What is True Love? Winplot.

I am in love. Absolutely in love…

with Winplot (download it here – don’t be deceived by the ugly page). I discovered it on my hunt for a great program to make visuals for my Multivariable Calculus class. But now I’ve started using it when preparing lessons and graphs for all my classes.

The bad news: it has a pretty high learning curve. Some things are intuitive, many things aren’t. You have to, for example, type: y=root(3,x) to graph the cube root of x. But once you get the hang of it, it’s easy, breezy, beautiful.

The good news: what can’t it do?

I decided that either this weekend or next I’m going to spend 60 minutes going through
this comprehensive guide and learn all the features of this program in one go. Since the start of the year, I’ve been learning it piecemeal. I need to graph an inequality, I figure it out by looking around on the program. I need to get gridlines on my graph, I putz around until I figure it out. And in fact I thought I had a pretty good grasp on things without ever reading any documentation. However, it turns out that this program is way, way, way more powerful than I thought — because I only found out today that I can create pictures of volumes of revolution with the short click of a button! And so much more, apparently, after looking at the guide. So in my excited state, I felt compelled to write this post.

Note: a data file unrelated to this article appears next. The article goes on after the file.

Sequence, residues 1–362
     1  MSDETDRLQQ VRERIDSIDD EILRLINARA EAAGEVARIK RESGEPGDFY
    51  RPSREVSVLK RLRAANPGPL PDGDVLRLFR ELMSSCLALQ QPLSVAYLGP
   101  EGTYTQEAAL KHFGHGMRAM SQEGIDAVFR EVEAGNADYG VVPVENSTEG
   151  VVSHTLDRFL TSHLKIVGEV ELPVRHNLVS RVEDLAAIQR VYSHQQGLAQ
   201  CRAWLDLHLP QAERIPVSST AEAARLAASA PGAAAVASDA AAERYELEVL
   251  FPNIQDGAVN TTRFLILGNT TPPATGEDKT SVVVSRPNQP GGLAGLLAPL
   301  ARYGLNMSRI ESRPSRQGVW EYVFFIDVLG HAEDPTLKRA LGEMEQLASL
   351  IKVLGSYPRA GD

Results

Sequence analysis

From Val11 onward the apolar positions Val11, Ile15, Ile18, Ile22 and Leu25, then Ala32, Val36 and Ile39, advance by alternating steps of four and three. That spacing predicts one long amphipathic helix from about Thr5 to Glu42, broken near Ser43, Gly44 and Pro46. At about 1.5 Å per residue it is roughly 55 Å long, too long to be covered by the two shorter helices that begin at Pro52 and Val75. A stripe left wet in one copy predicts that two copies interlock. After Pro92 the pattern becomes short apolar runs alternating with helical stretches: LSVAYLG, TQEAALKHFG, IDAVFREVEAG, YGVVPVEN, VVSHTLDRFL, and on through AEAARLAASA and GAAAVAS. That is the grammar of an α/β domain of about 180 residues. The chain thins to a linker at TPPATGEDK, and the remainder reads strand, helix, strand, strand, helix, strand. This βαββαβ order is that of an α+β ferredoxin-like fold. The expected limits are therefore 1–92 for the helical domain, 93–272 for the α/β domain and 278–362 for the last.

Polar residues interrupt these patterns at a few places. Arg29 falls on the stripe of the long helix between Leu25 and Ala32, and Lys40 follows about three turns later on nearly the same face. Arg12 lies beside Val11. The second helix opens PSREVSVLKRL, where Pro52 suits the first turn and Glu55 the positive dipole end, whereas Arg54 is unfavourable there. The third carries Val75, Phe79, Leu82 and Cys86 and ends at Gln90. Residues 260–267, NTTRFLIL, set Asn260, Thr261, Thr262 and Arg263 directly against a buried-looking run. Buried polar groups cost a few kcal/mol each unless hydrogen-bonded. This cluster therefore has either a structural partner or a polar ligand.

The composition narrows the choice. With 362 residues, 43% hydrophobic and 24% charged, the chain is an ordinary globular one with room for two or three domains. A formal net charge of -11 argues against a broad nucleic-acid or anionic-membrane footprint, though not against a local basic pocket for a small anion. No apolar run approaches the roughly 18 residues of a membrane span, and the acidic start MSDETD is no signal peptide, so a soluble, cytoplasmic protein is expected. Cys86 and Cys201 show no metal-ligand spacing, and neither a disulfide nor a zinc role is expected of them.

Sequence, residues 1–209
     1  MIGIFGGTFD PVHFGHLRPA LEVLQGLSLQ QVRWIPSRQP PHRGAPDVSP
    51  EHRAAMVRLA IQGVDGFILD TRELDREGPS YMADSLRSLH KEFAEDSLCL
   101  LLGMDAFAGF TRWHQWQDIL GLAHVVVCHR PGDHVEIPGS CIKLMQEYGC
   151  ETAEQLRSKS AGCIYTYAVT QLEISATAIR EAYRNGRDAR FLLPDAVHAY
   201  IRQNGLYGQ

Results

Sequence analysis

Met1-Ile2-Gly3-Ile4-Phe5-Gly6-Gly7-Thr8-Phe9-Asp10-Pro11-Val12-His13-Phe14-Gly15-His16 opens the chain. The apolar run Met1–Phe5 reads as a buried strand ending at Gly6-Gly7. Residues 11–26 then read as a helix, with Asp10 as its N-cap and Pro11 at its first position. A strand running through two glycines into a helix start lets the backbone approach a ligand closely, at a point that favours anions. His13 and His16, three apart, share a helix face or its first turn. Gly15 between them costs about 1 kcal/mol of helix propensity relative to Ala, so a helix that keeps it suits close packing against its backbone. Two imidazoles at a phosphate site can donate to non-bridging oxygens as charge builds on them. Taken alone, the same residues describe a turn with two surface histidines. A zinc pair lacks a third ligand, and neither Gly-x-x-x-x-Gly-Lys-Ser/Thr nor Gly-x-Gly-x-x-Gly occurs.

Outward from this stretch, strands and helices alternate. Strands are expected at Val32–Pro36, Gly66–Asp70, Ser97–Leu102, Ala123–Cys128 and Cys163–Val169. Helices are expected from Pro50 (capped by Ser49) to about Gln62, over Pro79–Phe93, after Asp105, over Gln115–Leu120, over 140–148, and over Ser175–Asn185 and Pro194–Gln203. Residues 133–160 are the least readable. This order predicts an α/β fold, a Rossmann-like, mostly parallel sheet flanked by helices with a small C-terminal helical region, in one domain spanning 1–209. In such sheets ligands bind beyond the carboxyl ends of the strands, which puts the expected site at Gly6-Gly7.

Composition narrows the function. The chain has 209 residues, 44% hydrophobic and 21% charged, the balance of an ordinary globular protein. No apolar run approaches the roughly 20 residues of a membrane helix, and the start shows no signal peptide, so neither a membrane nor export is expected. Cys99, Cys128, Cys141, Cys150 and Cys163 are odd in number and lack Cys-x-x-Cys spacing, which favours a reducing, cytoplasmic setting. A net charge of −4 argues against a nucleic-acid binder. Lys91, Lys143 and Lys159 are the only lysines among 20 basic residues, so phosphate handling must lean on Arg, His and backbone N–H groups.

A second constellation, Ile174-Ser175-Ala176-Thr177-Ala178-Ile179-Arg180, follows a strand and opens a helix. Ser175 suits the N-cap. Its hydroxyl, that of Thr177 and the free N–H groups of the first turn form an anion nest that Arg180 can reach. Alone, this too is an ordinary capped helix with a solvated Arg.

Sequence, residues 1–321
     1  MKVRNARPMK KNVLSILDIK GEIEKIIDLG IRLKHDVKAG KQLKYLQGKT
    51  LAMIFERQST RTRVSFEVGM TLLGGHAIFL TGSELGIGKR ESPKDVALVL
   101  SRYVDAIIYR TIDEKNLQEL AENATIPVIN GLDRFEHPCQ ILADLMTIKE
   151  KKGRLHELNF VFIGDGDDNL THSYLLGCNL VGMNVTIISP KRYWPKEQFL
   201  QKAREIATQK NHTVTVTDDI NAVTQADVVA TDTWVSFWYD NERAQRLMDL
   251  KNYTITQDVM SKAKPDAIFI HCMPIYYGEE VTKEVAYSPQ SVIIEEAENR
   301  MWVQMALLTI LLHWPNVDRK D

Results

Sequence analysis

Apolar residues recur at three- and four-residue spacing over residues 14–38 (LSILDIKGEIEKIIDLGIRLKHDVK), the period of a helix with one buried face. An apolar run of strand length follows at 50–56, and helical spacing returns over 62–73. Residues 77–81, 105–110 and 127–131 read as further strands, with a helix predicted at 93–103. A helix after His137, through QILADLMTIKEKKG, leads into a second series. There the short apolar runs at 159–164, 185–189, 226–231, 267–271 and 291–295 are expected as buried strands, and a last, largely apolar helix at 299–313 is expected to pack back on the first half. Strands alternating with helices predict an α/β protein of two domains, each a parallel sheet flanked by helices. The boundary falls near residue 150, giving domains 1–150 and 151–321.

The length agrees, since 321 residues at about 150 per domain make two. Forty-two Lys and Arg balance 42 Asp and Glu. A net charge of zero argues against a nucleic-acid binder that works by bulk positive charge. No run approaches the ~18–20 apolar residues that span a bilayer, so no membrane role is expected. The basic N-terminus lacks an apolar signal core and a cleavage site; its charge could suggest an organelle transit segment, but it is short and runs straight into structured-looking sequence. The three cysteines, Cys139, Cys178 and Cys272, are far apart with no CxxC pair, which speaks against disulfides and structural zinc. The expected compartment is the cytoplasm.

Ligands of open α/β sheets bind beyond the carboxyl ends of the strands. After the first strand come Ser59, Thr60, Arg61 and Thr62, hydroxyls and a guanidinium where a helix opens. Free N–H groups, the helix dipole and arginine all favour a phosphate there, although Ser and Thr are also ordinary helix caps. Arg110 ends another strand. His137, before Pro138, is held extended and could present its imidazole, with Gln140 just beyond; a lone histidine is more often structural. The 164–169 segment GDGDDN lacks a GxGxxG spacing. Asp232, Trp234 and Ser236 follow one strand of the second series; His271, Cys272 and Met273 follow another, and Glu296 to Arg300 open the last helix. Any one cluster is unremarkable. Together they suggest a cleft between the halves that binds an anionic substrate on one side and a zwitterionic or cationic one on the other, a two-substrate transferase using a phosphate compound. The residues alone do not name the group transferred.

I know you’re dying for some screenshots, so I’m going to post screenshots cribbed from the guide linked to above here:




A few more pictures after the jump…







  1. Thanks! I was looking for something other than (the expensive) Mathematica or Matlab to show volumes of revolution to the class. Sometimes my art skills are enough, but often there are some kids still scratching their heads as to what a square-cross-sectional object looks like.

    The graphing program on Macs can do slope fields, but it’s rather tedious to do and even more so to do them by hand. So, this will be great for that, too.

  2. Winplot is great! It’s amazing that it’s free. I also like “Grapher”, which comes with OSX. I don’t have to worry about calculus, but it’s wonderful for teaching 3D graphing in precalc.

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